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Why Shikara and Kashmiri Pandit in commercial cinema were necessary

The famed resilience of Kashmiri Pandits is chronicled in Shikara, where a generation confronted with brutal hate nevertheless ensures their children are not engulfed by the storm.

As a journalist, who extensively reports on Kashmiri Pandits, Shikara indicates to me an assuring development. A deliberately silenced exodus, expected to be forgotten in Jammu camps, has risen now to commercial cinema. The film, directed by Vidhu Vinod Chopra, is a critical indictment against communal bigotry and a timely reminder of Kashmiri Pandit narrative.

Non-Kashmiri film watchers thronged to the theatres to watch eye-witness accounts dramatised into fictional appearances. This must be considered a development from simply fleeting references in Mission Kashmir and Haider.

Shikara captures social hypocrisy, intelligentsia's criminal silence and political disregard for a persecuted minority. (Photo: YouTube screengrab)

The film may not fit 30 years of horror and survival and will raise counter-arguments, but it successfully captures incredible sequences that are exclusive to Kashmiri Pandit narrative but were never highlighted in a visual mass medium.

Jammu Refugee Camps 

The first time I saw a refugee camp of Kashmiri Pandits was in Jammu, more than a decade ago — an experience that enlightened me about a grossly underreported human rights violation.

The resident's gate in Jammu had an “Aum” insignia painted with the address of a village in Pampore, Kashmir. I entered the slum-like quarter with a decrepit low ceiling, where a girl sat studying. Engrossed in her school work, she looked up at us nonchalantly and returned to her books. Trunks were piled around her; the room had no cupboard. I noticed her teenage sister change clothes, hidden behind the trunks. My male friends noticed it too and walked out. The trunks, I realised, was the only privacy divider the family had at the camp.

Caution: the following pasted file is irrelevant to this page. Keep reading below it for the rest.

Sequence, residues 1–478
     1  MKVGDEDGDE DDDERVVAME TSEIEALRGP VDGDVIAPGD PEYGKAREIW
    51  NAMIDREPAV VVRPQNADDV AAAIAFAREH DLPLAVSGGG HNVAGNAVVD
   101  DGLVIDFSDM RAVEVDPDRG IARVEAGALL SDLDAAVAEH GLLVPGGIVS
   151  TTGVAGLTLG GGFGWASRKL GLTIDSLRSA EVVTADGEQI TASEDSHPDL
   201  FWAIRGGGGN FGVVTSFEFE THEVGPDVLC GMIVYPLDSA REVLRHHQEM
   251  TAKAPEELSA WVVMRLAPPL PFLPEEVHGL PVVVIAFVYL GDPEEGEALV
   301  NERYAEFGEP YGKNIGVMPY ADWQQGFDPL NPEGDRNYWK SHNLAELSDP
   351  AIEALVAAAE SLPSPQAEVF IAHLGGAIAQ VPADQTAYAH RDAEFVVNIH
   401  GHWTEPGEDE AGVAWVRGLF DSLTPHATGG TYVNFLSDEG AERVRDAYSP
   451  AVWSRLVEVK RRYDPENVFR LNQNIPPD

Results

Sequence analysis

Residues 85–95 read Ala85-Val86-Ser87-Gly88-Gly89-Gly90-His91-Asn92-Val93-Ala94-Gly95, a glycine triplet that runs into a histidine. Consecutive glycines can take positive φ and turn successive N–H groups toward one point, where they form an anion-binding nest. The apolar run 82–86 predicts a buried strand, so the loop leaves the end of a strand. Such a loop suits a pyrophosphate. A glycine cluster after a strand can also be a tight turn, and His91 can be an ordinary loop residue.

Their mother, flaunting a tired but precious smile, welcomed us in. Their space, barely enough for us to squat in, was a house for a family of five. This family once resided in a palatial house, flanked by orchards. The woman went to the kitchen and I followed to assist her, but saw no kitchen. Outside their room, a small extension was created as a makeshift cooking area. The fragrance of rogan josh spread across the room but could not overpower the stench of a nearby communal lavatory.

I walked out in tears, shocked at how such lives were not reaching national headlines. Despite hailing from the same community, my privileged background and fortunate upbringing were in stark contrast to girls my age in refugee camps. This broadened my horizon to understand the resilience of a people forgotten and betrayed. 

Over the years, I have interacted with many Kashmiri Pandits to realise how they beat the odds to survive. Their permanent address remains the same, that of Kashmir, while every few years they are forced to update their temporary houses — moving from tents to quarters. For many, the education has paid off and children have successfully moved their parents out of wretched dwellings to houses in the city.

The ones, who lost even their permanent address, will find their story in Shikara